The spectrum of perceived uncertainty and entrepreneurial orientation: Impacts on effectuation

Birton Cowden, Kennesaw State University
Masoud Karami, Otago Business School
Jintong Tang, St. Louis University
Wenping Ye, University of Jinan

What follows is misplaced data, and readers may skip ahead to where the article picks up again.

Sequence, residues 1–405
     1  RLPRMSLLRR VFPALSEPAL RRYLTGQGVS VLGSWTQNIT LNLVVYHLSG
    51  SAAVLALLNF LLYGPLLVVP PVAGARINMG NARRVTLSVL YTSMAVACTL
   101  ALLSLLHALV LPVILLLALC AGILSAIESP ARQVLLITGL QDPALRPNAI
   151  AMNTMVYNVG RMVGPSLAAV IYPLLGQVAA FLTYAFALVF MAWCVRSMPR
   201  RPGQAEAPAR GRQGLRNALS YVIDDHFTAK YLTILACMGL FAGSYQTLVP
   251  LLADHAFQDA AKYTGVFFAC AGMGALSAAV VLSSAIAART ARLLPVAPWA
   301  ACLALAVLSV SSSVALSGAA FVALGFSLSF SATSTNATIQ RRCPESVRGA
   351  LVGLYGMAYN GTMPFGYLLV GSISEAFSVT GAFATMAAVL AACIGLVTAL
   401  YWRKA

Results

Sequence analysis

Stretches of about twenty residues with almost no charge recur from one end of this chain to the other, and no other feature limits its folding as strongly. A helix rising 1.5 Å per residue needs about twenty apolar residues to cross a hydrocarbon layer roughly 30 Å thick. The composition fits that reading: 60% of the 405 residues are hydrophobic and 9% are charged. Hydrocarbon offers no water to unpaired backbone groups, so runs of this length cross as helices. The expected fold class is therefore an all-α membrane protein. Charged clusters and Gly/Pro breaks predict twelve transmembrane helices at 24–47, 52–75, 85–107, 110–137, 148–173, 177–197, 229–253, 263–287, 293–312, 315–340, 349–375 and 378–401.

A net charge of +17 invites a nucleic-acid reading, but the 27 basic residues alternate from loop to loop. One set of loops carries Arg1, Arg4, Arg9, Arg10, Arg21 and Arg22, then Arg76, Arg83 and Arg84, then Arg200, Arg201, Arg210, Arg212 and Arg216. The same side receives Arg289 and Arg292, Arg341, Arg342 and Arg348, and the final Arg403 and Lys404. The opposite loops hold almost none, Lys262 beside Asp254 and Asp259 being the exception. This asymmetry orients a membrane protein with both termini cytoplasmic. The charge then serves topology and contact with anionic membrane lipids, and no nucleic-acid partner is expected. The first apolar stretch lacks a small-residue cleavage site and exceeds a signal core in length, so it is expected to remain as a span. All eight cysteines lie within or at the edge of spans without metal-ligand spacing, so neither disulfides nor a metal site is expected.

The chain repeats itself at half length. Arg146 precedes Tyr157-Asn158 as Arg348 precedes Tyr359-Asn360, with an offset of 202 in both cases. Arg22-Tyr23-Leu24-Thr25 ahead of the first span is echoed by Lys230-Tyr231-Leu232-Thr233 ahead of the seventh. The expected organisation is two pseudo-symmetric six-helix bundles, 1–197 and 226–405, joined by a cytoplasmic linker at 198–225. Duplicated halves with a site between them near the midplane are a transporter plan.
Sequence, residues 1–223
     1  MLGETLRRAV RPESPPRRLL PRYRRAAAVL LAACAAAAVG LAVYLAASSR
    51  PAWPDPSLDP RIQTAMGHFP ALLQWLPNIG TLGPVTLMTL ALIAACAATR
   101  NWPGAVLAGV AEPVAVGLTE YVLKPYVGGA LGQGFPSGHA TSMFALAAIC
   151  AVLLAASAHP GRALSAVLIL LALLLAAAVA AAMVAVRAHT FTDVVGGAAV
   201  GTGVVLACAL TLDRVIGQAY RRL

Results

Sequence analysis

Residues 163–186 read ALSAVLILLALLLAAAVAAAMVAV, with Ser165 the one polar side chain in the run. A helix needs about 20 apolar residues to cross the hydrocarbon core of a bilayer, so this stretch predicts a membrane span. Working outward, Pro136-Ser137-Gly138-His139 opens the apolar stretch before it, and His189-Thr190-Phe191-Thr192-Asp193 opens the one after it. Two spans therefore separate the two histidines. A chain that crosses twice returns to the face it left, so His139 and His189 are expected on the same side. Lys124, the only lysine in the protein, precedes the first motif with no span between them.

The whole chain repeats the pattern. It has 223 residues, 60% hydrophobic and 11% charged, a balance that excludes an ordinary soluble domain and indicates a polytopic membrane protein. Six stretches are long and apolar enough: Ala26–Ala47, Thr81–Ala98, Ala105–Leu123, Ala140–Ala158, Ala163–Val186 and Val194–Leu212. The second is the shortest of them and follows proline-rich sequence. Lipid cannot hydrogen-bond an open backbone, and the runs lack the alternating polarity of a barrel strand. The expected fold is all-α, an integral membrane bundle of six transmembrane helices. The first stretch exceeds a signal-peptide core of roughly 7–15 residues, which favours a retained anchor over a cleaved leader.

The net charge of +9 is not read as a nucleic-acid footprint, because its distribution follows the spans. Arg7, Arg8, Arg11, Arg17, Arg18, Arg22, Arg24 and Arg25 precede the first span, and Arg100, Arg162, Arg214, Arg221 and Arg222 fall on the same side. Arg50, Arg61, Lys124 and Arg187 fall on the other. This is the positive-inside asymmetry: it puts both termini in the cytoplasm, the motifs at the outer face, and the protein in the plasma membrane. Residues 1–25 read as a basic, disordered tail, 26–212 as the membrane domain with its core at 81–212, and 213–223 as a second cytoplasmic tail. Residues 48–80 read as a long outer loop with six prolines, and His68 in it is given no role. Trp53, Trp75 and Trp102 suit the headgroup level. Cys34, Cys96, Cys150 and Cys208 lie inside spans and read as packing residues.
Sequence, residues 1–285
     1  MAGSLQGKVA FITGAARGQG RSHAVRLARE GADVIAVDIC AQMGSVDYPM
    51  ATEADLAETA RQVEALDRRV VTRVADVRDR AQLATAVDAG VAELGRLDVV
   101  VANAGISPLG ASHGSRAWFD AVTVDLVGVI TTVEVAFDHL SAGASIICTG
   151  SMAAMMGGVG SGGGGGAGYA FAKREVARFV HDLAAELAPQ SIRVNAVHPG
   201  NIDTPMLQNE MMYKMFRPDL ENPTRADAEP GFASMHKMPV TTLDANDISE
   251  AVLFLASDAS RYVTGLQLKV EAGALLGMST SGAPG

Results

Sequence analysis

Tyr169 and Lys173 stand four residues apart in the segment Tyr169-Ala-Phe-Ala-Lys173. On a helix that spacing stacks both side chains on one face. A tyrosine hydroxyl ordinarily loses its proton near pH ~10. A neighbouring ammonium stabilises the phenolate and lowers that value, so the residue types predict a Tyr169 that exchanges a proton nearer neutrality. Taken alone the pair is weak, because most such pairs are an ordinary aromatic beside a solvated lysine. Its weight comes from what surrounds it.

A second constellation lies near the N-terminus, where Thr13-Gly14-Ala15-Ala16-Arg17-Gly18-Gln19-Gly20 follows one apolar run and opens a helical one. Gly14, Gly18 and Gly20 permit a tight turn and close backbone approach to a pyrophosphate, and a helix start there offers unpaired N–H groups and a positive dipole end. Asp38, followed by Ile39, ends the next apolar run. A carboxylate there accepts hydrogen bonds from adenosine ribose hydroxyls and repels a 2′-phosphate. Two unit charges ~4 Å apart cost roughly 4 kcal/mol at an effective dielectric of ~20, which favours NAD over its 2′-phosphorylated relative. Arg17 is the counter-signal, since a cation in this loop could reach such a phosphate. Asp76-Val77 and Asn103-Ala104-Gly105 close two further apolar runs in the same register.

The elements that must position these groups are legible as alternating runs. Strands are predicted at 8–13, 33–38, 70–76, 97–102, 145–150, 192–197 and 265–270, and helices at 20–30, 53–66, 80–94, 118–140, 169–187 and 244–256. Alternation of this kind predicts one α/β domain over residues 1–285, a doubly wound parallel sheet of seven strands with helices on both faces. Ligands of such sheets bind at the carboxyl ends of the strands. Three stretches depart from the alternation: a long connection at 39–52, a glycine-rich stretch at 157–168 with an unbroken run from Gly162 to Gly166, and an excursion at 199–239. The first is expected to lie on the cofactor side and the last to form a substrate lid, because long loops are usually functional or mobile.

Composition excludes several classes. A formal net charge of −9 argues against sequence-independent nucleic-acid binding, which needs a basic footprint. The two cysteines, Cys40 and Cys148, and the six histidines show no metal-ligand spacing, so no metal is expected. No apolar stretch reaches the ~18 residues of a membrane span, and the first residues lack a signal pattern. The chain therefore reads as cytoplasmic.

Effectuation research suggests that effectuation is most appropriate in pure uncertain conditions. However, effectuation research is unclear about how decision-makers respond to varying levels of perceived uncertainty. Behavioral decision-making research suggests that as uncertainty increases, decision-makers may attempt to protect the status quo rather than engage in new opportunities. The present study combines these thoughts to derive a curvilinear relationship between uncertainty and effectuation, providing a more realistic picture of decision-making logic applied by entrepreneurs of small businesses. We also argue that the curvilinear relationship is moderated by the entrepreneurial orientation (EO) of the firm. We find, based on data from four samples of 990 entrepreneurs in three emerging economies,support for the curvilinear relationship and the negative moderating effect of EO. Our findings contribute to effectuation theory by extending its theoretical boundaries to include a spectrum of uncertainty.